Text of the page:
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Gazette Premium Content Rulon Gardner misses weight at Olympic trials, career now over

BRIAN GOMEZ Updated: April 20, 2012 at 12:00 am

IOWA CITY – The comeback of Rulon Gardner was supposed to end on a wrestling mat in London. Instead, it crashed to a halt amid a mound of pain in an Iowa City hotel room.

The Olympic Training Center resident failed to make weight Friday at the U.S. Olympic trials, declining to step on the scale at Carver-Hawkeye Arena after doctors shut down his weight cut due to medical issues that included him passing out, sources told The Gazette.

LIVE UPDATES: SPRINGS WRESTLERS AT OLYMPIC TRIALS

A two-time Olympic medalist attempting to break an eight-year retirement, Gardner, 40, pulled within five pounds of the 264.5-pound Greco-Roman heavyweight limit during the final phase of his much-hyped weight cut before his body suffered an adverse reaction. It wouldn’t have been healthy to continue, and Gardner came close to having to be admitted to the hospital, so he called it quits hours before his afternoon weigh-in.

In a USA Wrestling statement, Gardner said, “I’m disappointed I didn’t make the weigh-in. I worked hard. I was within five pounds. I’m glad I did this and have my health back.” Gardner is expected to visit Saturday with the media, while OTC resident Dremiel Byers, a 2008 Olympian, is the favorite to make the London Games this summer at heavyweight.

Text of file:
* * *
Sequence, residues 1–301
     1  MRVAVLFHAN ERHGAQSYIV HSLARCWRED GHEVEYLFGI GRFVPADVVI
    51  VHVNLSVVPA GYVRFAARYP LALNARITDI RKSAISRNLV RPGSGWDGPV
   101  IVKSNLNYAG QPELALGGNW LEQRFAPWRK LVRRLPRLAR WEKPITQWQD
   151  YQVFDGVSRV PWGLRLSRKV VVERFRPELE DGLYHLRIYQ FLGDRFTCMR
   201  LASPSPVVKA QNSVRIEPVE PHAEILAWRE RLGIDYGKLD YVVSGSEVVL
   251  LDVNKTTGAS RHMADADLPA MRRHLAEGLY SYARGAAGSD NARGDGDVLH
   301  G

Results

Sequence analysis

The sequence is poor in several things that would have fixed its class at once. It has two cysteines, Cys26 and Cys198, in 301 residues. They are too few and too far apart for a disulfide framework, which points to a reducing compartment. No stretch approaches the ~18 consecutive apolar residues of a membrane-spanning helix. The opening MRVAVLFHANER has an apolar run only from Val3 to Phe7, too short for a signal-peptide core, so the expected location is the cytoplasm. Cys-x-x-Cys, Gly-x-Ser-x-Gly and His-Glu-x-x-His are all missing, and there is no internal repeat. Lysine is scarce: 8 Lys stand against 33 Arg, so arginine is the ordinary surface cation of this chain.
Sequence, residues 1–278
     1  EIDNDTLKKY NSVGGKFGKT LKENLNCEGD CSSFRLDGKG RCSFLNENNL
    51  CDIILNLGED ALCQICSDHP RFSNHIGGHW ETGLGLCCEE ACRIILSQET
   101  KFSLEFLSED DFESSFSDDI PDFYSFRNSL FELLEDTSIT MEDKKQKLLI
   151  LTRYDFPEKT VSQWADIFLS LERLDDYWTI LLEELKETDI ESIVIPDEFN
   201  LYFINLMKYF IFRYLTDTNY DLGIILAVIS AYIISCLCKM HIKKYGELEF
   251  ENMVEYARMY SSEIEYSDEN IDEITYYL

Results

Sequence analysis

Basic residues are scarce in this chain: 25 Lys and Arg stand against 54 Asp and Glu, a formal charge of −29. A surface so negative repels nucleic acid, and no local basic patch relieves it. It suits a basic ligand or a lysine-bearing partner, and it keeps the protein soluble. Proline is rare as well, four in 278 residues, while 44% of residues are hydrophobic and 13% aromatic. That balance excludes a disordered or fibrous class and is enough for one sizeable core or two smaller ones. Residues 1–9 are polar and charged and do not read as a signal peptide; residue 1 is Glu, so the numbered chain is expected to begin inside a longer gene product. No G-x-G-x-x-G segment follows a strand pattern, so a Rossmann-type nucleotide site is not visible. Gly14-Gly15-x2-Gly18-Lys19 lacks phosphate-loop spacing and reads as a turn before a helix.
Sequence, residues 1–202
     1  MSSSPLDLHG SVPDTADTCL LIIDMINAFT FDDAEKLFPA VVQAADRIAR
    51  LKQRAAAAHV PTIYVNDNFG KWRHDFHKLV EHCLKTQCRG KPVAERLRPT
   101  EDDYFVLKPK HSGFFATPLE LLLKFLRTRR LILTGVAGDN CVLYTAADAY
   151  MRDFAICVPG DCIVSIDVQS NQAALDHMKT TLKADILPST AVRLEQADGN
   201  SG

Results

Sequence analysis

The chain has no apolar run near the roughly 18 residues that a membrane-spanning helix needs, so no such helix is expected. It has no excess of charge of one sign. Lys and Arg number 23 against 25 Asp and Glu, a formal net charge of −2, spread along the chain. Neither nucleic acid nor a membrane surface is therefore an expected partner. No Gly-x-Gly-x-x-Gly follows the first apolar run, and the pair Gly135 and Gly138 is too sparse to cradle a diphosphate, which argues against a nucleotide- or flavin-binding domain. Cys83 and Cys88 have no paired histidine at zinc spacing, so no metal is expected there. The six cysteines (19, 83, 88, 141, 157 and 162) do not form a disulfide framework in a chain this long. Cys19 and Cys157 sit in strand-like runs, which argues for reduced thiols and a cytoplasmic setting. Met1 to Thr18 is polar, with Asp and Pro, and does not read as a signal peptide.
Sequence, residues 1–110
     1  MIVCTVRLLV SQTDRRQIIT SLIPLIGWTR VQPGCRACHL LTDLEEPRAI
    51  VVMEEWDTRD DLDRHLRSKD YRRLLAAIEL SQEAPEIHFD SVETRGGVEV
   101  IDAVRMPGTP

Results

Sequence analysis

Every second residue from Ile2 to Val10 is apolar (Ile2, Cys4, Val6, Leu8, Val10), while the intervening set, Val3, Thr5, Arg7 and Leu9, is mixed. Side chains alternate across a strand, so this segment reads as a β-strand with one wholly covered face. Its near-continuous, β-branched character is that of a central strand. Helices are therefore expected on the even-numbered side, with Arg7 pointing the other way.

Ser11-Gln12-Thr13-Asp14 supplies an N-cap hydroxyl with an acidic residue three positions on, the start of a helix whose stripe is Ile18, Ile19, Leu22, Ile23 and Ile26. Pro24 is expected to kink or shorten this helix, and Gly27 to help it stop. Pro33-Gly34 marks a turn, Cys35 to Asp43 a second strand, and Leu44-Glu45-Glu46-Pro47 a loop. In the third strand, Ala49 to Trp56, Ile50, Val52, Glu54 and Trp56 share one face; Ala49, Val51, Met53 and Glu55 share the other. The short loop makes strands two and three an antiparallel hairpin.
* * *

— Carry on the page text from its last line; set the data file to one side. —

Gardner weighed 474 pounds when he competed on the NBC reality show “The Biggest Loser,” and when he left the show last year, he tipped the scales at 289. He was roughly 290 two weeks ago, and he was down to about 280 earlier this week. U.S. Greco-Roman coach Momir Petkovic predicted Gardner wouldn’t bow out without a fight in his weight cut. “I know he’s not going to sit on his butt,” he said. “He’s going to go down by falling forward. … Being gone for six months hurts you a lot. Being gone for eight years?”

This is likely the final chapter in the career of Gardner, an Olympic gold medalist in 2000 and an Olympic bronze medalist in 2004 who also scored a world title in 2001. His 2000 win over Russian Alexander Karelin, a three-time Olympic champion who hadn’t lost in 13 years, remains the biggest upset in Olympic wrestling history, and it’s a popular topic for him, along with his numerous near-death experiences, in his motivational speeches.

Since retiring, Gardner wrestled just once, posting a 4-0 record at the Kiki Cup in January at the OTC, where he wasn’t forced to weigh in. Still, USA Wrestling executive director Rich Bender said, “Our Greco-Roman program is better because of him coming back to the program. I can guarantee Dremiel Byers is a better wrestler today because of that. … We know what he accomplished. He went beyond the sport. He transcended the sport.”

Contact Brian Gomez: 719-636-0256 or brian.gomez@gazette.com. Facebook: Brian Gomez. Twitter: @gazetteskysox. Google+: Brian Gomez.

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